What Happens When You Break Up With Your FWB

For four years, I had a friend with benefits. It was a complicated relationship in which, yes, we were friends first, but once the sun went down and the alcohol started flowing, the benefits part kicked in. For four years, off and on, in between huge blowouts that would make one think we were in an actual relationship, we carried on that messiness. When it was good, it was great; when it was bad, it was vicious, cruel, and had we been world leaders, the making for WWIII.

Looking back, I’m not really sure what the appeal was. Well, he was gorgeous, looked quite a bit like Han Solo to be honest, so there was that. We were also very similar in a lot of ways so we could have fun together, challenge each other, and count on each other — definitely the foundation of a great friendship. But in having the benefits part of the equation was something I couldn’t handle and I did the unthinkable: I fell in love with my friend with benefits. But unlike in the movies, we did not end up together. By February 2012, after four years of drama, it was over, permanently, and I was left to face the reality that one should never, ever fall for their friend with benefits.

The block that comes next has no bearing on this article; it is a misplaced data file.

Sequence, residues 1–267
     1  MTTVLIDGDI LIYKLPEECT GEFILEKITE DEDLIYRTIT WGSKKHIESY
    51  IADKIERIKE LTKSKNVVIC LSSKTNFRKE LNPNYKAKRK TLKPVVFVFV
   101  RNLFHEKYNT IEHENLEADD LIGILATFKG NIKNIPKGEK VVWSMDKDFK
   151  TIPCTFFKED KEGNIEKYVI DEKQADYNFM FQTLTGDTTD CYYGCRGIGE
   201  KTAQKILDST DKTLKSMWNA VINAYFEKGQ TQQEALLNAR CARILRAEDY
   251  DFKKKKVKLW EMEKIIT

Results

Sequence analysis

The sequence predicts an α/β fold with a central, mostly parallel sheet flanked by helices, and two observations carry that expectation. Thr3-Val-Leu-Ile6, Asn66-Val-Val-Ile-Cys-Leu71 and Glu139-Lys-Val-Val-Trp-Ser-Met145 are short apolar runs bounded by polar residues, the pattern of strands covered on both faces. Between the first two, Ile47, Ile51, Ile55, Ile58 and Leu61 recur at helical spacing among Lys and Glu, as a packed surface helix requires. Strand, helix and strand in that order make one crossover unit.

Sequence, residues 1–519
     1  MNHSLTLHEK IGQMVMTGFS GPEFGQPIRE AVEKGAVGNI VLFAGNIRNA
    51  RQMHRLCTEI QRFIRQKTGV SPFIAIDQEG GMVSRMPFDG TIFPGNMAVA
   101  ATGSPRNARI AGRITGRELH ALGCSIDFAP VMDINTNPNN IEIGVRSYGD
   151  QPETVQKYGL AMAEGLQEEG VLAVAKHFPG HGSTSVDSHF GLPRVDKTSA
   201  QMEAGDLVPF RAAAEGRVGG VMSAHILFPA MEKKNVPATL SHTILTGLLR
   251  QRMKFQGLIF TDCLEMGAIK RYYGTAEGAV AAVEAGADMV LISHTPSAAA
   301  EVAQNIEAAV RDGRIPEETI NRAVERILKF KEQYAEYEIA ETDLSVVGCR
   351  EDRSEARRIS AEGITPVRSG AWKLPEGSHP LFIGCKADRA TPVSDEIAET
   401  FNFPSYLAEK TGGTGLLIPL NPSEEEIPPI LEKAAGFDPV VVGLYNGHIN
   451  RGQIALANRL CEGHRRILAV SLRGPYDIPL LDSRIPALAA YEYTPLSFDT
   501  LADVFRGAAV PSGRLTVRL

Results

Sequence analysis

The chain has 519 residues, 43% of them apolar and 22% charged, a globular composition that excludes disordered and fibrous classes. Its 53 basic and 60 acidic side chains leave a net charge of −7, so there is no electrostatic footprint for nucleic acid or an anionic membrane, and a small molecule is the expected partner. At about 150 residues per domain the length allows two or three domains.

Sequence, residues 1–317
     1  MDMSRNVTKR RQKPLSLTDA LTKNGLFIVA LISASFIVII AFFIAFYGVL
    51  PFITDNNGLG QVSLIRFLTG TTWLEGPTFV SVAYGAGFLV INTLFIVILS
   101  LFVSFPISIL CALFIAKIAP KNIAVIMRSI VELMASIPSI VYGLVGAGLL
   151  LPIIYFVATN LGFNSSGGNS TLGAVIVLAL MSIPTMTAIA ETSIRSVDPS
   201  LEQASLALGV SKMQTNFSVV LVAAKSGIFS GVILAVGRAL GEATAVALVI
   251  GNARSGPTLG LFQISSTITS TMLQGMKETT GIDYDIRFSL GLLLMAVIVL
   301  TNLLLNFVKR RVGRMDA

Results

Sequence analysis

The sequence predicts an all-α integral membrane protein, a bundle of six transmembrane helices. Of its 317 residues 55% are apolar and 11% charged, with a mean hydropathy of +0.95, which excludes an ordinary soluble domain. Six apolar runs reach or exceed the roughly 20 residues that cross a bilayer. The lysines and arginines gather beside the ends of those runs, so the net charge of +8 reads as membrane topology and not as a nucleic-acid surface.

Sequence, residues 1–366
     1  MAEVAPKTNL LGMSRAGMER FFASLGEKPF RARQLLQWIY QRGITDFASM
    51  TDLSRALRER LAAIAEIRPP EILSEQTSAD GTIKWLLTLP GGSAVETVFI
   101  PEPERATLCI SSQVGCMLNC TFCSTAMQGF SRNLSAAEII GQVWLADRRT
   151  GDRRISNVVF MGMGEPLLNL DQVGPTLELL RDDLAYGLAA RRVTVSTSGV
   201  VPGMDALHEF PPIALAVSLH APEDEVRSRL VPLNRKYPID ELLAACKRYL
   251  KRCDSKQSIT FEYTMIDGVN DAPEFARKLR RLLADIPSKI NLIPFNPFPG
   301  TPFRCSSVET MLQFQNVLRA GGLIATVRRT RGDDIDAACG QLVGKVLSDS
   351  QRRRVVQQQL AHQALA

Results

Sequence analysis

But once the tears stopped and enough time had passed, I had an awakening of sorts. I could see clearly what the relationship was and what it wasn’t. Here are the nine unexpected things that happened when I broke up with my friend with benefits.

1. I Realized I Deserved More Than Just Being Someone’s FWB

If you’re at a certain point in your life, a friend with benefits situation can be a good thing. And, in the beginning, it was. It was awesome and relaxed and we had so much fun together because we had amazing friendship chemistry. But it was when I started to fall in love, and then found myself completely in love, that things stopped being so fun. Yet I hung on, although I knew he’d never love me back, as if that’s all I deserved. But I deserved more then and deserve more now. I deserve someone who wants to be my friend, my lover, and most importantly, my partner, too.

2. I Stopped Blaming Myself For Being Naïve And Blind

Both during and after the relationship came to an end, I blamed myself for being, for lack of a better word, stupid. I felt stupid for sticking around so long, stupid for hoping for the impossible, and stupid for accepting him back into my life over and over again. Then one day a few months after the final breakup, out of the blue, I had an epiphany: I was not stupid. I wasn’t even naïve or blind. I was human. I felt something, let it into my life, and fell in love. No one chooses with whom they will love in love and it was absurd of me to try to think I could have prevented those feelings from happening.

3. I Set Rules For Future Relationships

While I didn’t swear off friends with benefits for the rest of my life, I did set up rules. For example, if I was in an FWB in the future and I felt myself falling in love, I’d immediately retreat. I would no longer mistake comfort and intimacy for something more, and I would never put off the opportunity at a real relationship in favor of a friend with benefits — which I had done with this guy.

4. I Discovered My True Self